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”There are only four kinds of people in the world. Those who have been caregivers. Those who are currently caregivers. Those who will be caregivers, and those who will need caregivers.” — Rosalyn Carter.

A society of care dedicates resources to support vulnerable groups such as children, those with disabilities or living in poverty, and our elders or seniors. By 2030 one in every five people in the U.S. will be 65 or older. Aging can be a positive, constructive, and dynamic time of life. Accompanying aging is an increased risk for acute, chronic or degenerative illness that can affect the mind and body, thereby requiring medical, social, psychological or caregiving services.

Primary caregivers are often family members. A conservative estimate is over 17 million individuals are family caregivers for someone 65 or over. As our older population increases, there will be a subsequent need for more family caregivers. Many caregivers are seniors themselves. Approximately 20 percent of adults 65 and older are caretakers for family or friends. Being a caretaker can be a deeply valued role where one can express dedication, compassion and love. Nonetheless, there is a risk of developing caregiver fatigue or burnout, a consequence of chronic stress without adequate rest and restoration.

High levels of ongoing stress can have serious consequences on our health. Caregiver stress and fatigue reflect a state of emotional, physical and mental exhaustion. For example, 37 percent of caregivers report getting insufficient sleep. Caregivers may struggle with loneliness, depletion, financial strain, frustration, guilt, anxiety, suppressed emotions and/or depression while coping with the loss of choices and future plans. Researchers have found that spousal caregivers may be more likely to experience depression than their partners.

Aloneness and isolation are common. A caregiver states: “I have wonderful friends, but most people can’t do chronic well. They have their lives, and mine is at a standstill. I feel betwixt and between, like in suspended animation. This is a lonely place.”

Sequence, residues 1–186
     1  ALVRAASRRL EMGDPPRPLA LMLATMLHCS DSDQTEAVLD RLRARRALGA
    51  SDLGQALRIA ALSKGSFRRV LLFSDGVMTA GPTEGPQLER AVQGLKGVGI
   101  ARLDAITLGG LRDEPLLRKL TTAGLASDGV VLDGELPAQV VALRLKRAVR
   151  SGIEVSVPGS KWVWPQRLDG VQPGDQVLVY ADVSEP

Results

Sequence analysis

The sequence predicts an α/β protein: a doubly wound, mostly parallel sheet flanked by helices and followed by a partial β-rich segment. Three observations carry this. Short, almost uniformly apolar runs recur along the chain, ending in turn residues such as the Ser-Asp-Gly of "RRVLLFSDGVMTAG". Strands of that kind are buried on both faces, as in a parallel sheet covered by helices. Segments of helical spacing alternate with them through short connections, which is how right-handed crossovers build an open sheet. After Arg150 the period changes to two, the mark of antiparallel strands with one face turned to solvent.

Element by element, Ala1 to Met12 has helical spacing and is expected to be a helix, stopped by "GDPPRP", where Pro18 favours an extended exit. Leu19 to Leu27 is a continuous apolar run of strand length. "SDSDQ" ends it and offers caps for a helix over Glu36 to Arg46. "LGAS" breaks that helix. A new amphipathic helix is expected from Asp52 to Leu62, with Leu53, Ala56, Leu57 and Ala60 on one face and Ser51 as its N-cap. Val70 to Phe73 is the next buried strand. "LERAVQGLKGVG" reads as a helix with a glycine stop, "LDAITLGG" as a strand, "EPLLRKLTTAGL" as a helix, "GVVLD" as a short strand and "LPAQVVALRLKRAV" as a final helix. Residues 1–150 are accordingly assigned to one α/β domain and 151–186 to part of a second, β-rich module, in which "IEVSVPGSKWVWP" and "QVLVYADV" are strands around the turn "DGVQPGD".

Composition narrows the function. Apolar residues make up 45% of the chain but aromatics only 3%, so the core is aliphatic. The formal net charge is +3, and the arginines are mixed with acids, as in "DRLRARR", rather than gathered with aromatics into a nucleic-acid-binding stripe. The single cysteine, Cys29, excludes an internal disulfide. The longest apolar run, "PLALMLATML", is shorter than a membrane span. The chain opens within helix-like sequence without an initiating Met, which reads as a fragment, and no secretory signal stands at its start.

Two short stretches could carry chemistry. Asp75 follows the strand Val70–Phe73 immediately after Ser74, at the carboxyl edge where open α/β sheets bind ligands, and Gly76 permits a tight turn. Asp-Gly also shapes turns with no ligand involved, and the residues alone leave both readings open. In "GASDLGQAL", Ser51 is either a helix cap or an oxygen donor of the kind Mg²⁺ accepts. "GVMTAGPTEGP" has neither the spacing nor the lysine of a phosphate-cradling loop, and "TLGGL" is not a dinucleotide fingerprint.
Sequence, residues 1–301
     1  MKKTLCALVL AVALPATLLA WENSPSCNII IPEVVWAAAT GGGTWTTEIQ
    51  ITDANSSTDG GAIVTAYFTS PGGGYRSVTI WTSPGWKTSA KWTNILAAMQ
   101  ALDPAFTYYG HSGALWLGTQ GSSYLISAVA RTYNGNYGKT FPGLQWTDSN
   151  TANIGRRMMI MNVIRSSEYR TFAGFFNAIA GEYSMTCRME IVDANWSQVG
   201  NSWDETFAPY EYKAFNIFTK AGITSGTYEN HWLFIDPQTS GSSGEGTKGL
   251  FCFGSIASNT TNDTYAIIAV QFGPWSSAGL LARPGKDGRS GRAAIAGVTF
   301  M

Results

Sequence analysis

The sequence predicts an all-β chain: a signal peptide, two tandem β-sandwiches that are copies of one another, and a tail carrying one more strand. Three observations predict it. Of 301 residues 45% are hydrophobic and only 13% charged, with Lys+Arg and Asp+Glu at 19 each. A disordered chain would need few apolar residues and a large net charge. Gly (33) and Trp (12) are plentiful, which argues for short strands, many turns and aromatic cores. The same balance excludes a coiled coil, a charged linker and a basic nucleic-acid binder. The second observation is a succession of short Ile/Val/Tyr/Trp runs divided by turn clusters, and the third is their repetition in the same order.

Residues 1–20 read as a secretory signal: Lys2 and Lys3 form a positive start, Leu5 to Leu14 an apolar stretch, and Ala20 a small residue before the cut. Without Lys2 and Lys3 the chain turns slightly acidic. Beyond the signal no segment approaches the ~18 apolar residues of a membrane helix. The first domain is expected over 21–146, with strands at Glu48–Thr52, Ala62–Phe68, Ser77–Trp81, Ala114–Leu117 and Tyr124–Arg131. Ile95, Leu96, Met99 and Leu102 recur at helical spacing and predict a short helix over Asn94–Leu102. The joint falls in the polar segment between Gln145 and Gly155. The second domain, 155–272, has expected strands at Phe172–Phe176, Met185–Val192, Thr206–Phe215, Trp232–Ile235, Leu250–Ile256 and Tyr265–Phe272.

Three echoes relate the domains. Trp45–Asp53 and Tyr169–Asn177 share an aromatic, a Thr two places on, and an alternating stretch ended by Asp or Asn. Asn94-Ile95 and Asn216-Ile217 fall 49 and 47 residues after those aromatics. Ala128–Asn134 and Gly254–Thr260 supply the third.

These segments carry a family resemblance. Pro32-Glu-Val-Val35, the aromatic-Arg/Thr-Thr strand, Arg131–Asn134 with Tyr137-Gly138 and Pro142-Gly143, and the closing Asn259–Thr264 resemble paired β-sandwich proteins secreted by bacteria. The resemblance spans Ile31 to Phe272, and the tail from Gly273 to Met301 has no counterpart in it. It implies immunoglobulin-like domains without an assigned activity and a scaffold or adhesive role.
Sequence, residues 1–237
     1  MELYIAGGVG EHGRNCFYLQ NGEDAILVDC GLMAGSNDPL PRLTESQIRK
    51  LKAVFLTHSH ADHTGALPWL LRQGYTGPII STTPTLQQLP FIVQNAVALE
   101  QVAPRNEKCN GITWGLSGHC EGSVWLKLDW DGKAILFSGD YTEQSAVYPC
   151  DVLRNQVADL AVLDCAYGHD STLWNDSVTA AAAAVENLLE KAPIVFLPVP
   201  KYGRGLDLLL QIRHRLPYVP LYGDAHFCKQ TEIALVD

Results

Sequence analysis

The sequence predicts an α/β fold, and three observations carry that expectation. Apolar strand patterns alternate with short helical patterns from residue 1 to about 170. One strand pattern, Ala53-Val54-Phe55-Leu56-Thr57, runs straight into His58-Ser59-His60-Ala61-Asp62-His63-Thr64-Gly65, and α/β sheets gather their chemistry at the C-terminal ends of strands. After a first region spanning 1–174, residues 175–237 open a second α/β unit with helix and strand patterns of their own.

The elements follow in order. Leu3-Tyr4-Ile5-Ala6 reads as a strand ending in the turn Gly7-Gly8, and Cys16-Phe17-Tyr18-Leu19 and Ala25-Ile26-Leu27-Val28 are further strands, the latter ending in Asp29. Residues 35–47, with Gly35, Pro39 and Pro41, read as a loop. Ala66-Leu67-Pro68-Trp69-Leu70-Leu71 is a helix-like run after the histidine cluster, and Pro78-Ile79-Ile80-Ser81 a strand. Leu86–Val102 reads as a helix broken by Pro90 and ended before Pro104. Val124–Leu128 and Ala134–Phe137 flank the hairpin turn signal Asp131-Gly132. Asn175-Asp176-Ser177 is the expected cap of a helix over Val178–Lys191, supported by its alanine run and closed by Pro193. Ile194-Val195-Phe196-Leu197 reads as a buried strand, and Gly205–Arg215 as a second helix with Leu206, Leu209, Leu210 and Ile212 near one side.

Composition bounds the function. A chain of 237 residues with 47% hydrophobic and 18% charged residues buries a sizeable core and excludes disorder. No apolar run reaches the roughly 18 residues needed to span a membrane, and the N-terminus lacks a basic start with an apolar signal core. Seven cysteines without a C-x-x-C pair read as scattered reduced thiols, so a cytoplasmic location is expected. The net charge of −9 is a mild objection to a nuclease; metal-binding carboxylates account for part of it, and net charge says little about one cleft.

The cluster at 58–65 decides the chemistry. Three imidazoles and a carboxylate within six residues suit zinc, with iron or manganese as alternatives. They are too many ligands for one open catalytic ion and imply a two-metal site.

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Also, there is loss, grief and distress that accompanies seeing a loved one struggle, losing aspects of their mental and physical functions. A type of grief known as Ambiguous Grief reflects a loss of the fullness, companionship or vitality of the other while they are here with us. A caregiver stated: “What I miss daily is who he was, my companion. I even miss our arguments!”

Many clients express decision-making conflicts: “I want her at home, yet I fear I cannot provide or afford sufficient care.” There may be guilt: “I feel terribly conflicted spending time on me.” Such emotions and thoughts expressed are all completely normal.

There is a societal myth of the perfect caregiver, which embodies unrealistic expectations. If we absorb such expectations, we will fall short, which adds to guilt. Even striving to do our best, being a caregiver presents complicated daily challenges and often a scarcity of available services. It takes a community to care for our seniors. Family caregivers are an essential cornerstone of our society, providing crucial and unpaid service. Healthier caregivers are those that take care of themselves. In our efforts to address another’s suffering, we tend to deny our own.

Caregivers, what you provide is meaningful and challenging! If you are frequently worried, sad, anxious or fearful, overwhelmed and tired, are easily irritated or angry, experiencing bodily pain, headaches or illness, or have lost interest in activities, you may be experiencing caregiver fatigue. Your self-care is essential and a priority.

Suggestions for caregivers: Develop connections, join a Caregiver Support Group, talk to a counselor or trusted person, and spend time with friends. Accept help and be realistic about what you can provide. Nourish yourself with healthy foods, stay active, and take daily breaks. Focus on other important aspects of your life, such as medical and self-care appointments. Get respite care. Focus where you have a choice, take in the positive experiences and learn self-compassion.

Dr. Jilisa Snyder, is the Clinical Director of The Anna Marsh Clinic, a community outpatient psychotherapy and psychiatric program of the Brattleboro Retreat.